Randal Howard "Rand" Paul was born on January 7, 1963 in Pittsburgh, Pennsylvania, to Carol (née Wells) and Ron Paul, former Congressman and Presidential candidate from Texas. The Paul family moved to Lake Jackson, Texas, in 1968. Paul went to Brazoswood High School, was on the swimming team and played defensive back on the football team. Later, Paul attended Baylor University from fall 1981 to summer 1984. He was enrolled in the honors program at Baylor, and had scored approximately in the 90th percentile on the Medical College Admission Test. Paul left Baylor early when he was accepted into the Duke University School of Medicine, where he earned an M.D. in 1988, and completed his residency in 1993.
While attending Duke Medical School, Paul volunteered for his father's 1988 Libertarian presidential campaign. Paul spoke on his father's behalf when his father was campaigning for office, including throughout the elder Paul's run in the 2008 presidential election. At that time, Rand campaigned door-to-door in New Hampshire and spoke in Boston at a fundraising rally for his father on the 234th anniversary of the Boston Tea Party.
In 2011, Paul was sworn into office as US Senator from Kentucky. He was sworn in along with his father, marking the first time in congressional history that someone served in the Senate while their parent simultaneously served in the House of Representatives. On March 6–7, 2013, Paul engaged in a talking filibuster to delay voting on the nomination of John O. Brennan as the Director of the CIA. Paul questioned the Obama administration's use of drones and the stated legal justification for their potential use within the United States. Paul held the floor for 12 hours and 52 minutes.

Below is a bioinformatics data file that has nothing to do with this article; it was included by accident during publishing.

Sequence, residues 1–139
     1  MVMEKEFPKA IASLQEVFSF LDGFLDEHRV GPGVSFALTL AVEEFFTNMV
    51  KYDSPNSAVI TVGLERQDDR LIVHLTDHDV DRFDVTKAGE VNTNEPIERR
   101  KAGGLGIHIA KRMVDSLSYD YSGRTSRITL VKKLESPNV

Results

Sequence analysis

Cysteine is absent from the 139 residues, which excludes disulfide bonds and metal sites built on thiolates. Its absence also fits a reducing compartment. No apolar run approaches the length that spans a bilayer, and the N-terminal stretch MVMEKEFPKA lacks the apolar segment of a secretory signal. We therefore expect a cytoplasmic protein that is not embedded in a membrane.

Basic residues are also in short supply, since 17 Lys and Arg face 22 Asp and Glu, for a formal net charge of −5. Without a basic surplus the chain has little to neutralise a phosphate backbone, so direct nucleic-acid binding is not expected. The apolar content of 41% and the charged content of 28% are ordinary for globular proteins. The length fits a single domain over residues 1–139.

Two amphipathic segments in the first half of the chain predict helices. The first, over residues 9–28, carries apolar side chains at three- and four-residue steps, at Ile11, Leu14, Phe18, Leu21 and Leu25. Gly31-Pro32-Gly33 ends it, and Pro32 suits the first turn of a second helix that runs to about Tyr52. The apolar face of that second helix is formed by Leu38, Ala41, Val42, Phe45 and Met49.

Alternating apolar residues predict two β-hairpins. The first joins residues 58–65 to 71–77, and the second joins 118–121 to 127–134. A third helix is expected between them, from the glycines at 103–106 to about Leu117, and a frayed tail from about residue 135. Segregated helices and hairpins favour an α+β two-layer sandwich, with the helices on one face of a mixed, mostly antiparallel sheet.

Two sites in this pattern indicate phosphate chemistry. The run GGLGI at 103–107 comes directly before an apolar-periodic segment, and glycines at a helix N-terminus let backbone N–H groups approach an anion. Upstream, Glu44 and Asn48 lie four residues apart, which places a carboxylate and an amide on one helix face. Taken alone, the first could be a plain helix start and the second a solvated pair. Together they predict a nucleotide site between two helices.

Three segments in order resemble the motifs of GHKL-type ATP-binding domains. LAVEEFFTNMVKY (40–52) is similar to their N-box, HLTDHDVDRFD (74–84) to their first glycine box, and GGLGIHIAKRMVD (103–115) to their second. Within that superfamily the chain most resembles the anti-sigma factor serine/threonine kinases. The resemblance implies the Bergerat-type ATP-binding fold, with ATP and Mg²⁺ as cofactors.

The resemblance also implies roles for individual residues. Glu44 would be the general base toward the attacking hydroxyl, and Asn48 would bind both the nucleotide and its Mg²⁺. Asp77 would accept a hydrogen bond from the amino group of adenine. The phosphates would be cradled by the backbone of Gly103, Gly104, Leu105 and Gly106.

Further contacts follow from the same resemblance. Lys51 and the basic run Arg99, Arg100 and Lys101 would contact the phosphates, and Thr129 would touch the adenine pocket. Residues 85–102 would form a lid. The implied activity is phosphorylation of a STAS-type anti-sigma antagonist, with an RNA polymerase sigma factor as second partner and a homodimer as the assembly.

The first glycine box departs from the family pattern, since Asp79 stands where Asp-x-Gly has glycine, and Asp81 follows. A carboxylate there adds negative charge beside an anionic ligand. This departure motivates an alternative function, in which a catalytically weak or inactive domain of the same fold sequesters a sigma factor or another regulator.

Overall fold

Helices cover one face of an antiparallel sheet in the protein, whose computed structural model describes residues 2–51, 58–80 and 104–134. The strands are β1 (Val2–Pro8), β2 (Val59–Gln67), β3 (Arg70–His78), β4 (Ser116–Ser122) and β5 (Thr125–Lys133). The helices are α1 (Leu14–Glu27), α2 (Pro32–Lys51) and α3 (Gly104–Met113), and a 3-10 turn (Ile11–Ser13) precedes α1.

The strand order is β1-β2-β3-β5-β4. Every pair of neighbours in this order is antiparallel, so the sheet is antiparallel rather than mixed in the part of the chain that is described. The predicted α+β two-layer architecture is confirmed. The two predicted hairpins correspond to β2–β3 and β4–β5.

Paul, a member of the Tea Party movement, supports a widespread reduction in federal spending and taxation, and is often described as a libertarian, although he disagrees with this title. Unlike his more stridently non-interventionist father, Paul concedes a role for American armed forces abroad, including permanent foreign military bases. He has garnered attention for his positions, often clashing with both Republicans and Democrats. With increasing visibility and straw poll support, Paul is seen as a likely Republican frontrunner in the 2016 presidential election. He has expressed interest in the race, but has not formally announced a run.
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